Dr Mark Brend PhD
Head of Optical Diagnostics
Research Fellow in Optical Diagnostics.
Member of the Rolls-Royce UTC in Combustion System Aerothermal Processes since 2010.
I currently lead optical methods development and applications within NCCAT and support industrial uptake of advanced optical methods.
- My research is experimentally focussed, developing and applying optical techniques to develop fundamental understanding of the aerothermal processes relevant to gas turbine engine operation.
- PhD, University of Warwick, 2009
- BEng, Mechanical Engineering, University of Warwick, 2004
£3M FEC research income over the last 2017-2022. Approx £2M as P-I. Industrial funding: £2.2M ATI, and EPSRC: £0.8M.
Experimental focussed research, developing and applying optical techniques to develop fundamental understanding of the aerothermal processes relevant to gas turbine engine operation
My primary research interest lies in the application and development of optical measurement techniques to address contemporary challenges associated with gas turbine development. This is both to support improvements in component/subsystem design and to develop fundamental understanding of the underpinning multiphysics. Typically this involves laser imaging techniques, customised to enable application in challenging environments, for example:
- Velocimetry techniques (PIV/LDA)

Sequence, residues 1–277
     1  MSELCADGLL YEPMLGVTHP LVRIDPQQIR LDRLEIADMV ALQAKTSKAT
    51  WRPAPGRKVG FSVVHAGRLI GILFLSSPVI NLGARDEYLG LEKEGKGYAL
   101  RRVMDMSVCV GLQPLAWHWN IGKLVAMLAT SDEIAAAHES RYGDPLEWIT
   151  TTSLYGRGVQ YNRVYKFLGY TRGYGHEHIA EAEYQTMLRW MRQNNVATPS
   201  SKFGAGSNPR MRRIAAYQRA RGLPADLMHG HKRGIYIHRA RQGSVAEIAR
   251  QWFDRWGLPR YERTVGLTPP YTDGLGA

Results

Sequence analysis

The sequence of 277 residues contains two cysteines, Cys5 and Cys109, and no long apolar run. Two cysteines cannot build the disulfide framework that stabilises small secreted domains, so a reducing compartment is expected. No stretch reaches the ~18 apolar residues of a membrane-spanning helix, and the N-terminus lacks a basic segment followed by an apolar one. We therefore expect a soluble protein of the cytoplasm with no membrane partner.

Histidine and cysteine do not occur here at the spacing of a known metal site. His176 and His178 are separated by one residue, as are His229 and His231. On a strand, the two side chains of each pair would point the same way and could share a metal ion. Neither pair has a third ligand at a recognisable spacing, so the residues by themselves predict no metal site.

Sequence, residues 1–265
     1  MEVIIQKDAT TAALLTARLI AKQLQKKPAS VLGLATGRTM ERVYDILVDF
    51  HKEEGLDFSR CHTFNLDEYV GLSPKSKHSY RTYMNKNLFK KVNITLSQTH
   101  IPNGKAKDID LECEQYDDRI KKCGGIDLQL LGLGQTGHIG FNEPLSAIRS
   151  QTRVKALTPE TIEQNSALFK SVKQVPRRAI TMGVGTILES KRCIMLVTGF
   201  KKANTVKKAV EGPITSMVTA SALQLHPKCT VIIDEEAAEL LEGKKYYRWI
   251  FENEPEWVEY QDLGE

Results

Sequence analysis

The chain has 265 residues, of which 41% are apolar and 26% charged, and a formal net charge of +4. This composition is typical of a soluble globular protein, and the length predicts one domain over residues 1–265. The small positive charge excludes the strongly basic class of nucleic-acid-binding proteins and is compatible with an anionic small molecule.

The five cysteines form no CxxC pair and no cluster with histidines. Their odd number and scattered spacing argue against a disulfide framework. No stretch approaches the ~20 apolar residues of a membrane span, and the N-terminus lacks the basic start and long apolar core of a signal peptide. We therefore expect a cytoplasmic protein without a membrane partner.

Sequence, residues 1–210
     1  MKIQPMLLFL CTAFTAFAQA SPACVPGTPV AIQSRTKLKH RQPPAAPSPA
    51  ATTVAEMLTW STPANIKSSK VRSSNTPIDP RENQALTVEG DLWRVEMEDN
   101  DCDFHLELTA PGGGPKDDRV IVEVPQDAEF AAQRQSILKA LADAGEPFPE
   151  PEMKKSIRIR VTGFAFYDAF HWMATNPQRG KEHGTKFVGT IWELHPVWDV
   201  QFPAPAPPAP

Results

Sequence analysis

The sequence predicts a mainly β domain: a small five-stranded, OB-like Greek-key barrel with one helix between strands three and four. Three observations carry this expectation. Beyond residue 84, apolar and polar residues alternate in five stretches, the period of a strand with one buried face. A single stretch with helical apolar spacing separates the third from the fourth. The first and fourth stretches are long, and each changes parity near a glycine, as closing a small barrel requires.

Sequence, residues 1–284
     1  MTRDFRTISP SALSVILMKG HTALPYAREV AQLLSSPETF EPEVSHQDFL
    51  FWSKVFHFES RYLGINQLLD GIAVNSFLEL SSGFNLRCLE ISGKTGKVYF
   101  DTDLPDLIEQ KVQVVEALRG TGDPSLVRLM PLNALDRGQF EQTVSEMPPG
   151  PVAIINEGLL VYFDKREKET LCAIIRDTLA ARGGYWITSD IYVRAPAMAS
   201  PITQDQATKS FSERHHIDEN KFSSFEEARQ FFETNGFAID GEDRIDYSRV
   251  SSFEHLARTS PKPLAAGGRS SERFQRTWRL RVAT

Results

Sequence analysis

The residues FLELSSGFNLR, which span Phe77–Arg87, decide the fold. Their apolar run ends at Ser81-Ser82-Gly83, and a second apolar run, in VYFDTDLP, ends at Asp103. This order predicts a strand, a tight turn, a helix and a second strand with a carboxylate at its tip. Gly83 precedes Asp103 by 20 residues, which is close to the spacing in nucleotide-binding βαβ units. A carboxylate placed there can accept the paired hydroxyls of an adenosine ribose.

- Fluorescence approaches (PLIF/ERLIF)
- Elastic scattering techniques (shadowgraphy, PDA, Rayleigh scatter)
To date much of my effort has been applying these techniques to understand fuel and air delivery to gas turbine combustors, attempting to optimally shape of the combustion reaction at the heart of modern aerospace propulsion systems. Current active research projects consider the mixing, atomisation and combustion of both liquid and gaseous fuels. I am particularly interested in the mixing and combustion of hydrogen fuel, which offers a potential route to achieving net-zero carbon aviation. Optical measurements offer significant potential to advance the next generation of combustion systems by unpicking the complex physics shaping aviation compliant hydrogen combustion systems. Additionally, I am running several projects related to liquid fuel atomisation, evaporation and combustion, this includes projects understanding the influence of the move to net-zero carbon “sustainable aviation fuels” on modern gas turbines.
Fully funded PhDs are available in these areas, if you are interested in joining the NCCAT optical team, please get in touch.
I regularly run final year projects considering hypersonic propulsion systems. These projects are extremely challenging, but very rewarding. If you enjoyed high speed aero and are interested in a particular aspect of ramjet/scramjet combustor design, feel free to contact me to discuss your ideas.